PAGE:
If your action is a . . .Then go here for more information about whether the Order applies and what to do . . .
Regulation (or “Rule”)page (to be added in final).
Legislative Comment or Proposed Legislationpage (to be added in final).
Waiverpage (to be added in final).
Permits/Licensepage (to be added in final).
Policy Statement/Guidance Documentpage (to be added in final).

While you should read carefully through this draft Guidance to identify what, if anything, you should do to comply with the Executive Order requirements, this draft document is not intended to prohibit any alternative methods of complying with those requirements as they may apply to your action.

How Do the Requirements of Executive Order 13175 Relate to EPA's Existing Tribal Policy Framework?

In situations where your action does not have Tribal implications, and thus does not trigger relevant requirements of the Executive Order, it is still important to assess Tribal interests that may be affected by your action and consider whether other Executive or EPA policies or legal requirements call for the Agency to seek Tribal input or otherwise address Tribal issues. At various places, this draft Guidance may recommend seeking Tribal input and considering Tribal views and interests regarding EPA actions that do not have Tribal implications under Executive Order 13175. Where such recommendations are based solely upon considerations apart from Executive Order, they should not be interpreted as an indication of any EPA position regarding the scope or implementation of Executive Order 13175. Any such recommendations are only intended to help you address the separate legal and policy considerations in a manner consistent with this Executive Order. When developing a policy that has Tribal implications pertaining to a U.S. border region and implements a binational/international treaty and/or agreement, you should consult with the Office of International Affairs (OIA) about any issues that warrant your consideration.

Consider, for instance, the EPA Policy for the Administration of Environmental Programs on Indian Reservations (a.k.a. the “Indian Policy”) and the April 29, 1994 Presidential Memorandum regarding the Government-to-Government Relations With Native American Tribal Governments. Consistent with these and other policy statements and the Federal government's trust responsibility to federally-recognized Indian Tribes, EPA generally attempts to engage Tribes regarding Agency actions that may affect Tribes through government-to-government consultation and other means of outreach. It is important to note that separate policies and considerations, such as the following, may have different threshold standards than Executive Order 13175 that you might need to consider even if you determined that your action would not have Tribal implications as defined in the Executive Order.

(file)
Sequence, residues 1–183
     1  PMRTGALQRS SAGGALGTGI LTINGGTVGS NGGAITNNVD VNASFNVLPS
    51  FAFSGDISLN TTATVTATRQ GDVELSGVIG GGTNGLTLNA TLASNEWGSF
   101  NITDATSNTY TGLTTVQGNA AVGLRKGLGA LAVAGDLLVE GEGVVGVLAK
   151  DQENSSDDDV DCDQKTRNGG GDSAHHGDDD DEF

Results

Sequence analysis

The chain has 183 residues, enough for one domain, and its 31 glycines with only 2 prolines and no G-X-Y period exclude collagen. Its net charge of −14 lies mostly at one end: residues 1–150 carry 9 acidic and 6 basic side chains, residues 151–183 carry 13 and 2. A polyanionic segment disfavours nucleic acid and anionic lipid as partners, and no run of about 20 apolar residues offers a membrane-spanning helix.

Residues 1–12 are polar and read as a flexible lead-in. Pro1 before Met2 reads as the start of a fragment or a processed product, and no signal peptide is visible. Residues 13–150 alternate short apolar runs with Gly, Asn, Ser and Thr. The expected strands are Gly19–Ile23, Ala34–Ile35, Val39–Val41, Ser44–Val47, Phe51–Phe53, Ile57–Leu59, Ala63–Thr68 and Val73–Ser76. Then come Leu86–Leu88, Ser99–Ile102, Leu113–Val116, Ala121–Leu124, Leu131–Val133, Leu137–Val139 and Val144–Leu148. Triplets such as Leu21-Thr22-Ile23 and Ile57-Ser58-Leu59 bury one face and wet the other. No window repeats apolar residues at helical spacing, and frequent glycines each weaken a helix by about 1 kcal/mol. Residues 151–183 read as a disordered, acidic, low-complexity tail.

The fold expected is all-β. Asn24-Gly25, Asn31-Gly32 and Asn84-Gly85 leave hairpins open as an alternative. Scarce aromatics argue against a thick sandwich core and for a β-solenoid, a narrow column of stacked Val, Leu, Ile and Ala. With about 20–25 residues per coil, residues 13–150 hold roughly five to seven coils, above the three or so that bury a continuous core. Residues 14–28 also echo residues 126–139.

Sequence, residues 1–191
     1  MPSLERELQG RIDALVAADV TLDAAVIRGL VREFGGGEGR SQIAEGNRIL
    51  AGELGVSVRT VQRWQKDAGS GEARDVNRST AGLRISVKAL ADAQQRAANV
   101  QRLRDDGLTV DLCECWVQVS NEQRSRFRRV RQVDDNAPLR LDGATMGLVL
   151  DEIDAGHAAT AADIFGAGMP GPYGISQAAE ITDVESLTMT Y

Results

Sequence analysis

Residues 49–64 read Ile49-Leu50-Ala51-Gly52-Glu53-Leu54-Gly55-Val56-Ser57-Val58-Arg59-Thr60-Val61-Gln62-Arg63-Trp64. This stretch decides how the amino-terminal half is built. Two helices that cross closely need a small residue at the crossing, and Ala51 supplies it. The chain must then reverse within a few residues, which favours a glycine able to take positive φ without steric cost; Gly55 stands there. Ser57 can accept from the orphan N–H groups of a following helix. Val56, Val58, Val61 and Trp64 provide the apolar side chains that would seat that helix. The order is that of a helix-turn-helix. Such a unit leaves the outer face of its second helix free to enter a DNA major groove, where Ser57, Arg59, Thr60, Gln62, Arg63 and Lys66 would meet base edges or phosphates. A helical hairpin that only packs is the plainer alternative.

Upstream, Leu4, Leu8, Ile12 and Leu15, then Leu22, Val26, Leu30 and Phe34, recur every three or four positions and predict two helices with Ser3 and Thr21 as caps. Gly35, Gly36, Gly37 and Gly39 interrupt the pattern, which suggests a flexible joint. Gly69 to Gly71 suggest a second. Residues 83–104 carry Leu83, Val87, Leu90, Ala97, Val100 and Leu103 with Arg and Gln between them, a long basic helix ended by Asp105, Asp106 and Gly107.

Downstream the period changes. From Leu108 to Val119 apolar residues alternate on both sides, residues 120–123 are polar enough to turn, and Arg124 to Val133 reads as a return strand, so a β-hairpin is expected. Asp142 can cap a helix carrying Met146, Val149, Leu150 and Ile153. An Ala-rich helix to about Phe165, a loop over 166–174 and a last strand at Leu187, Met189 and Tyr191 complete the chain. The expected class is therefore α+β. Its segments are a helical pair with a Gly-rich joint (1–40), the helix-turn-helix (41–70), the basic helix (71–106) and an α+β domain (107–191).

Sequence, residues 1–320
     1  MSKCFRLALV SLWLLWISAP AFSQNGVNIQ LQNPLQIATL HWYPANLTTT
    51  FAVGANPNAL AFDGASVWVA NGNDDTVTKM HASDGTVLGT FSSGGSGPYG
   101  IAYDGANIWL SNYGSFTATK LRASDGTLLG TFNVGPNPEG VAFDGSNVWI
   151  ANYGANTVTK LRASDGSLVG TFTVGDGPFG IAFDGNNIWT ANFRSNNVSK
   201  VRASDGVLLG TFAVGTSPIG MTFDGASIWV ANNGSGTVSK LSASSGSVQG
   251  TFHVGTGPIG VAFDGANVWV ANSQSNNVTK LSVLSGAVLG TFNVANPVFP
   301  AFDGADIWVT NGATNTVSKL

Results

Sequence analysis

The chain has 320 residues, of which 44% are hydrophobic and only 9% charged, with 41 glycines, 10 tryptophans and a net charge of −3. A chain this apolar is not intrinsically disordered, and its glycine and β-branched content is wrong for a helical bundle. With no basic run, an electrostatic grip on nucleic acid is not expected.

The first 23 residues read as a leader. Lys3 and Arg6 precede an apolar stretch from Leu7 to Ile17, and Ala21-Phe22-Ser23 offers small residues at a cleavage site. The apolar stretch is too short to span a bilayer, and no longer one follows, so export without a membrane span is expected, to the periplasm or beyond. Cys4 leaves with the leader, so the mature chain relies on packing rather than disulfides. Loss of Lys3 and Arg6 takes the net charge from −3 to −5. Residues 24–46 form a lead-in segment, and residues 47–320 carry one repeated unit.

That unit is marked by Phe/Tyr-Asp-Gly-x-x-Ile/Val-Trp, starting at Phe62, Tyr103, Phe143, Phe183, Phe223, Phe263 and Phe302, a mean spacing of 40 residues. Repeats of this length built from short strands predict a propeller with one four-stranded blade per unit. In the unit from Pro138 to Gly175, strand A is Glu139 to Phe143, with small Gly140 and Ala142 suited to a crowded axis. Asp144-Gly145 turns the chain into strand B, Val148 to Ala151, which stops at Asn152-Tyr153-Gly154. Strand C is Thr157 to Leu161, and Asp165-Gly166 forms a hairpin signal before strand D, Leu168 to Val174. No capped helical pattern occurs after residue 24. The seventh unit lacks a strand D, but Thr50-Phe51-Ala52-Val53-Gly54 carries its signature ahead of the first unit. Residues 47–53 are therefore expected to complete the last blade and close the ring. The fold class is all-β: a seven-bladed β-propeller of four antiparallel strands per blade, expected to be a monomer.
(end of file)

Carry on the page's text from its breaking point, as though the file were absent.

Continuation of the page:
A. EPA's Indian Policy

The EPA Indian Policy states that the “keynote” of EPA's effort to protect human health and the environment on Indian reservations will be:

“* * * to give special consideration to Tribal interests in making Agency policy, and to insure the close involvement of Tribal Governments in making decisions and managing environmental programs affecting reservation lands.”

EPA's Indian Policy goes on to recognize Tribes as the primary parties for setting standards, making environmental policy decisions, and managing programs for Indian reservations consistent with Agency standards and regulations. The policy states that EPA will, consistent with the Federal trust responsibility, assure that Tribal concerns and interests are considered where EPA's actions and/or decisions may affect reservation environments. Similarly, the guidance document for implementing EPA's Indian Policy states, among other things, that: